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Think Safety First

Keep your family, workers, and customers safe this summer by following these farm safety tips.

Operating Vehicles

During 1981 - 1990, 417 people were killed while working in agriculture in California, with highway motor vehicle crashes the most common cause. Prevention is relatively simple:

  • Always wear your seat belt, especially in pickups and larger trucks.
  • Place children in a car seat in the back seat, or attach a seatbelt. If you drink alcohol or take prescription or nonprescription drugs, ride as a passenger.


Children account for about 20 percent of all farm fatalities. The National Farm Medicine Center estimates the death toll in children younger than 20 years of age on U.S. farms and ranches at 300 each year. To safeguard your children:

  • Provide good supervision. If hiring a sitter is imposssible, work together with other families to care for children cooperatively.
  • Do not allow children to ride on tractors, even in a parent's arms or on a lap. Never leave a running machine unattended.
  • Keep pesticides, fuels, lubricants, soaps, disinfectants, solvents, and other chemicals in a locked storage facility.
  • Never put any harmful materials into food containers.
  • Fence ponds and other water areas.

Vehicle and Child-related safety tips by William E. Steinke, director, Farm Safety Program, UC Davis.

Food Safety

For best on-farm cleaning and sanitation, always clean and sanitize the inside, outside, lips, and handles of farm containers. Also keep in mind the following:

  • Do not dry nesting containers on soil or other potentially contaminated surfaces.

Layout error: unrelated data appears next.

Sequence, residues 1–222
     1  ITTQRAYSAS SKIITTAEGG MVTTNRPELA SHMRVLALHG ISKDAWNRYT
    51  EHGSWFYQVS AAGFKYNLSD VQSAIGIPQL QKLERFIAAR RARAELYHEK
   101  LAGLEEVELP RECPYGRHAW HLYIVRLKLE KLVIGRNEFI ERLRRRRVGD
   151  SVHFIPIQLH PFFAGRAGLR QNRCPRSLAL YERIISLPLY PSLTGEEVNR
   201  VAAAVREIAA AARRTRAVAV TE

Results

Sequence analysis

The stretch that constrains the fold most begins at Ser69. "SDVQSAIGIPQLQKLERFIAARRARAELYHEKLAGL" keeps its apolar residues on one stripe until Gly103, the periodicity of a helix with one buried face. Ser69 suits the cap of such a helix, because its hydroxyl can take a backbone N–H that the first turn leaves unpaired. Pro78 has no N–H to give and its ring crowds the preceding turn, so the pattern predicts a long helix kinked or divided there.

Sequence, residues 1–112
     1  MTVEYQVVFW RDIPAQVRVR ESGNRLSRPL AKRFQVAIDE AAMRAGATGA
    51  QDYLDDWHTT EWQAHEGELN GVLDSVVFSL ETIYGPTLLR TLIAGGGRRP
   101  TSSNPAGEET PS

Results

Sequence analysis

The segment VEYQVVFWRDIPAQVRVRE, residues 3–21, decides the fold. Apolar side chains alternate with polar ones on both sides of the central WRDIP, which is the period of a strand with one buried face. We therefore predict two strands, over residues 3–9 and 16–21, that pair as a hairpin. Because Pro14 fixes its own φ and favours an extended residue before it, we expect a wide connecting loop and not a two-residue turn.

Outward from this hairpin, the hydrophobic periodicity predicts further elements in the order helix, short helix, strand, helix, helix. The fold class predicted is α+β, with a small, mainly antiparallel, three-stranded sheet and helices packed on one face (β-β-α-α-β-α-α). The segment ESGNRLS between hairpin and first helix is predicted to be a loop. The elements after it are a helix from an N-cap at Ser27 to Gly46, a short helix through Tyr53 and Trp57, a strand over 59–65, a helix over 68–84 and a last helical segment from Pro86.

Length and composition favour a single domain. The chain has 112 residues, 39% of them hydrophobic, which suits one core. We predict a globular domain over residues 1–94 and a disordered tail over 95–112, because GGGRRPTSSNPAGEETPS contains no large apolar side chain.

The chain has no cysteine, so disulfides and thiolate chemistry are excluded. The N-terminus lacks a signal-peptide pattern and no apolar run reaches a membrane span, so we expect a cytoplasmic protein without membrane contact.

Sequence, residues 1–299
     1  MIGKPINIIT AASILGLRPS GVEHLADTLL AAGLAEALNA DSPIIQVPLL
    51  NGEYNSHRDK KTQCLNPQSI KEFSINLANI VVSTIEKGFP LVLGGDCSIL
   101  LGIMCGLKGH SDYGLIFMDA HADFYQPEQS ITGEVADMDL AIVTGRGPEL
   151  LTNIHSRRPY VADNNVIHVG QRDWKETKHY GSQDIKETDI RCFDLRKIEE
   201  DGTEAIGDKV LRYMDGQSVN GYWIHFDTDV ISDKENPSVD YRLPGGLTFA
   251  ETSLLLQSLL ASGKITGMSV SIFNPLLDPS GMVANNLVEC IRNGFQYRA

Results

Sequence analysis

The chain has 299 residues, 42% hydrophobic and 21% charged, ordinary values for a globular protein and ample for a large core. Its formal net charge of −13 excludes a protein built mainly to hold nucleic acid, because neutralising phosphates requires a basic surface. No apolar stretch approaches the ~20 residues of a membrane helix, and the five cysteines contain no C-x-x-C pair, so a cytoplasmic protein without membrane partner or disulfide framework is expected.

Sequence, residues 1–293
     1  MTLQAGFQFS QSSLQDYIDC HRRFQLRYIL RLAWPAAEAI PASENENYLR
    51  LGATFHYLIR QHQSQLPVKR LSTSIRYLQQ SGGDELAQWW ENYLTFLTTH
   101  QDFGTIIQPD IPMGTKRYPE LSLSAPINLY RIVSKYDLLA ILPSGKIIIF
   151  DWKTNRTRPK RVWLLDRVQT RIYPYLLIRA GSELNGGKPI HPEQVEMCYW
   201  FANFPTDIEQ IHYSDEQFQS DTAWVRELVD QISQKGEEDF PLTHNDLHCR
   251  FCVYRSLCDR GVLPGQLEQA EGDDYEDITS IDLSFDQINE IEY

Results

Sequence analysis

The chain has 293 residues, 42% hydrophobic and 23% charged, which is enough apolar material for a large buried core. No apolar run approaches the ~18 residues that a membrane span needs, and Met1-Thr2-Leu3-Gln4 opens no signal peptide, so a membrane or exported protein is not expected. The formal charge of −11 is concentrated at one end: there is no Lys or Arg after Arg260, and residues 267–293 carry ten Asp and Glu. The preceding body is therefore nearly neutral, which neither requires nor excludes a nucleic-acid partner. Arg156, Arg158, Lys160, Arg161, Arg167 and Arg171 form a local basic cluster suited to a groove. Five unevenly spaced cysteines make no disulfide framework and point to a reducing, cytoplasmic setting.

• Do not stack or nest cleaned containers if they have been in connect with soil.
  • Do not use harvest containers for postharvest shipping or transport of lightly processed or "value-added" produce without an intervening cleaning and sanitation.
  • When possible, use containers in different colors for each application to minimize confusion as to prior on-farm use of a container.

Food safety tips prepared by Trevor Suslow, extension specialist, Department of Vegetable Crops, UC Davis.

Pesticide Safety

When working with pesticides, if you feel dizzy, sick, or have trouble breathing:

  • Stop what you are doing immediately and follow the appropriate emergency first aid procedures listed on the pesticide label.
  • If someone has swallowed a pesticide, never induce vomiting if the person is unconscious or having convulsions.
  • Have someone call ahead to tell the doctor the brand name and common name of the pesticide, the EPA registration number, and the name of the manufacturer.
  • If possible, take a copy of the pesticide label with you to the doctor.

Pesticide safety tips from "Pesticide Safety for Small Farms," available from the Small Farm Center.